Our cocktail world is full of good stuff. We've got exciting new tools taken from our friends in the kitchen, a plethora of ingredients to combine in a multitude of ways, glassware up the wazoo, but (thank the Lord!) there is still a demand for the classics. Most bartenders I know will test a new comrade's strength by their creation of a classic. Most of us have our favorites; the Daiquiri, a Manhattan, or the almighty Old Fashioned. Any one of these preparations can diagnose the skill of the crafter in a couple of sips. To understand these classics is to understand not only history and context, but to gain a larger knowledge of the "why" and "how" of our trade.
Largely important and common in classic cocktails is the structure. Ratios for most drinks stay pretty static- the building blocks are all the same, with slight variations depending on who is stirring the Manhattans. "2 : 1," "2 : 1 : 1," "1 : 1 : 1," are so often seen, by looking at the ingredients to most recipes, one can most likely guess to the proportions. This comes back to a discussion of balance and personal preference, as there is almost always a little bit of a discrepancy, however the starting point is the important part and typically what drives the creation of new cocktails.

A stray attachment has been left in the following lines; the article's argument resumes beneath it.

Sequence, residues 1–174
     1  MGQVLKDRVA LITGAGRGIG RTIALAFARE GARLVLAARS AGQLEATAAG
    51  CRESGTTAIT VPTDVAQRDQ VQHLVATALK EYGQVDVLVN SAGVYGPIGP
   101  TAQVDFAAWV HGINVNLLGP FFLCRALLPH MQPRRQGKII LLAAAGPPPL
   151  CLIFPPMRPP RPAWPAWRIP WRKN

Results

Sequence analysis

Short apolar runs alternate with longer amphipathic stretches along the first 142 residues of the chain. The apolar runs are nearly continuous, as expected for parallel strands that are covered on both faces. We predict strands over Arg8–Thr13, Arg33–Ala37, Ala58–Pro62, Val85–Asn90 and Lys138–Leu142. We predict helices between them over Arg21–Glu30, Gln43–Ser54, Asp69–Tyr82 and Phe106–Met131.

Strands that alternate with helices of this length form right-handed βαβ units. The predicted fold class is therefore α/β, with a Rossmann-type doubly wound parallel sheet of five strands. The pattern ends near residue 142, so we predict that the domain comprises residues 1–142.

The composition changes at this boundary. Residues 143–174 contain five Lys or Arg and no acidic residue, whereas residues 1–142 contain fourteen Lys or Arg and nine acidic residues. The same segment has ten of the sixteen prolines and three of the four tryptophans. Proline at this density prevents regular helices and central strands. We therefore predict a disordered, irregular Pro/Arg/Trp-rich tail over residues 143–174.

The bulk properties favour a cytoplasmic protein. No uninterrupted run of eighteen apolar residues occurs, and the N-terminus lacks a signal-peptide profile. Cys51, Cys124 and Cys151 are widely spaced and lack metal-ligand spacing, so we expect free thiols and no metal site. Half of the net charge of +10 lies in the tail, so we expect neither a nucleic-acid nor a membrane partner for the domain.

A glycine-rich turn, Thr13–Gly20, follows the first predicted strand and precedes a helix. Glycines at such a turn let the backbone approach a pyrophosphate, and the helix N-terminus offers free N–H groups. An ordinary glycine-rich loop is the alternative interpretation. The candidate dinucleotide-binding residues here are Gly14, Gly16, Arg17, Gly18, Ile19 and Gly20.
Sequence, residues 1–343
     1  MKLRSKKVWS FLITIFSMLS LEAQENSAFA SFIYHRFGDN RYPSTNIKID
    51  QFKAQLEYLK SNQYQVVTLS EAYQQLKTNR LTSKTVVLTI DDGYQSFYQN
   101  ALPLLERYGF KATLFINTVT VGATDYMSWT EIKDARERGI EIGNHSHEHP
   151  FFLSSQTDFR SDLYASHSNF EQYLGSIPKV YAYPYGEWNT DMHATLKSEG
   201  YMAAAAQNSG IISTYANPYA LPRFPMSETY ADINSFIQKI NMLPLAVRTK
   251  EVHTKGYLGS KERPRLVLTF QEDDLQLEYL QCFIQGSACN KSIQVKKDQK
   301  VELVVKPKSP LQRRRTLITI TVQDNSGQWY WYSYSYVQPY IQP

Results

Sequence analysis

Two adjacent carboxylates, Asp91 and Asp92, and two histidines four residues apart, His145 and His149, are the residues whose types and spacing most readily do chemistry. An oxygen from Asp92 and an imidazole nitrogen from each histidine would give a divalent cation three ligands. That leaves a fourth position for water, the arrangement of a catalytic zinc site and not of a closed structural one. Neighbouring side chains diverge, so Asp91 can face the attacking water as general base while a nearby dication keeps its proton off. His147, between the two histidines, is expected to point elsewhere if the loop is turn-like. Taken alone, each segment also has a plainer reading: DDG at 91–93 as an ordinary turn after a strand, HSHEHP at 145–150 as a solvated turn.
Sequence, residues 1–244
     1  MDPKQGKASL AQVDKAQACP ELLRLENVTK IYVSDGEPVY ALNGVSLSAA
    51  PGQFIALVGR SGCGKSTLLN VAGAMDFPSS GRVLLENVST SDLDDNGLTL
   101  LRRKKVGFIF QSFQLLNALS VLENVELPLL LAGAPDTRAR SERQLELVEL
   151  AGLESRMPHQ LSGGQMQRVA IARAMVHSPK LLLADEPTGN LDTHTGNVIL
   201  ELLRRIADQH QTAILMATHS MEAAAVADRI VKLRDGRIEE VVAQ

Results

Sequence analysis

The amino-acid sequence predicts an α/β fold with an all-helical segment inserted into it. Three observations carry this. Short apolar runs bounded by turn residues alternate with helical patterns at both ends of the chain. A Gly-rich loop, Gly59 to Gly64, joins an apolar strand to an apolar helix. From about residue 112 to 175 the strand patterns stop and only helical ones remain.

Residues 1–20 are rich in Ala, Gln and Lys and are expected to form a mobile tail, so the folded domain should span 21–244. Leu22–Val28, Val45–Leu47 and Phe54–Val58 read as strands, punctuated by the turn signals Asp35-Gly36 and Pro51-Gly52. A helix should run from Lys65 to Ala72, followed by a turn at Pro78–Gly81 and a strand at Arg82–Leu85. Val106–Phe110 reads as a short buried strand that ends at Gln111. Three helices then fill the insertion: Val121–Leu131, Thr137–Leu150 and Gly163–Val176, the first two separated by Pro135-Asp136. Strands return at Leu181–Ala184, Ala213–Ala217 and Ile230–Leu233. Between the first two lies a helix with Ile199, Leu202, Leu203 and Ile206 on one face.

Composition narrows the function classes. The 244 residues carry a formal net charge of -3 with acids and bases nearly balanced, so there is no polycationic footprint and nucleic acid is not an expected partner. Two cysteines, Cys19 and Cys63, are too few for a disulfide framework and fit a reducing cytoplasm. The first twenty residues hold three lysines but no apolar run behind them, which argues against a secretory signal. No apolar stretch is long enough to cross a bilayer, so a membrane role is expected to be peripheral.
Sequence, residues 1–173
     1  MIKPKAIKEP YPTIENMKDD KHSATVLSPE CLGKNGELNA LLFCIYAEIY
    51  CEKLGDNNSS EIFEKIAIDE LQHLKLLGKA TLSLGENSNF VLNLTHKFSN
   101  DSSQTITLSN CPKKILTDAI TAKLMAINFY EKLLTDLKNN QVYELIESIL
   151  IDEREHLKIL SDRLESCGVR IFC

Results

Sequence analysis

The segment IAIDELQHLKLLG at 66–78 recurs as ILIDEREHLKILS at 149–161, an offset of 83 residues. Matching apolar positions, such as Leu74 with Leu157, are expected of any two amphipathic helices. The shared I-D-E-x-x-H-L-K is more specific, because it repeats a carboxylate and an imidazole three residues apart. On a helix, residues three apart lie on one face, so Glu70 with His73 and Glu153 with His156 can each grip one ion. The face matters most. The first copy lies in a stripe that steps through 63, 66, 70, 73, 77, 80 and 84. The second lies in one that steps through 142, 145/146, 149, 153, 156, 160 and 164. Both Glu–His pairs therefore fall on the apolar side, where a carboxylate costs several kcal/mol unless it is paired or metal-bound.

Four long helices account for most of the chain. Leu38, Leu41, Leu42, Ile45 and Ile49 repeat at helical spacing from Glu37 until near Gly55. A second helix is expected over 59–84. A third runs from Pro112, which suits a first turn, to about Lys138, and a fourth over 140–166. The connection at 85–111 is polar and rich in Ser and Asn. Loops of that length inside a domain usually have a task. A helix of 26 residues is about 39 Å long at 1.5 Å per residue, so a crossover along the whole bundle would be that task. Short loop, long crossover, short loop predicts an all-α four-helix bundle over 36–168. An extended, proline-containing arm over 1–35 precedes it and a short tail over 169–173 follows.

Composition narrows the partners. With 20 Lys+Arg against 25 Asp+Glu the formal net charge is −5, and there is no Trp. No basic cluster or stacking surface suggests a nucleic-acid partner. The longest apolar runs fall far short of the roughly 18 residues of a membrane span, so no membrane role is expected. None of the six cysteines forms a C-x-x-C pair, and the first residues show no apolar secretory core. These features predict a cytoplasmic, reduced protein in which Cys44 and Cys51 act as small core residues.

At Sportsman's Club, we do a lot of reformatting. We plug different ingredients into the same ol' formulas to see what new combinations will prove worthy. One of my favorite recipes to riff off of is a Negroni, equal parts gin, sweet vermouth, and Campari. The combination of strong, sweet, and dry is quite literally intoxicating and open for so much adaptation. While this could veer into a discussion on the validity of equal parts proportions in today's world of modern palates, it is not going to. Confession- I tend to "spill the gin" here, and I haven't heard any complaints yet.
In this spirit, I'd like to highlight a cocktail that deserves every bit of praise it has received in the last several years. The Old Man, the Monk, and the Sea by Cristiana DeLucca is the perfect example of using classic specs to create something new. Here Cristiana combines Old Weller 107 (the Old Man,) Benedictine Liqueur (the Monk,) and dry Oloroso sherry (the Sea,) with a long dash of Angostura. The cocktail is delicious but what makes it in my mind a "Modern Classic" is the fact that it can be called for and replicated in almost any cocktail bar in the world. Below you'll find the recipe for Cristiana's magical concoction. Come on in and try it any time.
The Old Man, the Monk, and the Sea by Cristiana DeLucca
1.5 oz Old Weller 107
.75 oz Benedictine Liqueur
.75 oz Lustau Dry Oloroso Sherry
Long dash Angostura Bitters
Stir over ice until well chilled, strain into chilled cocktail glass and garnish with a lemon peel.
-- Jacyara de Oliveira --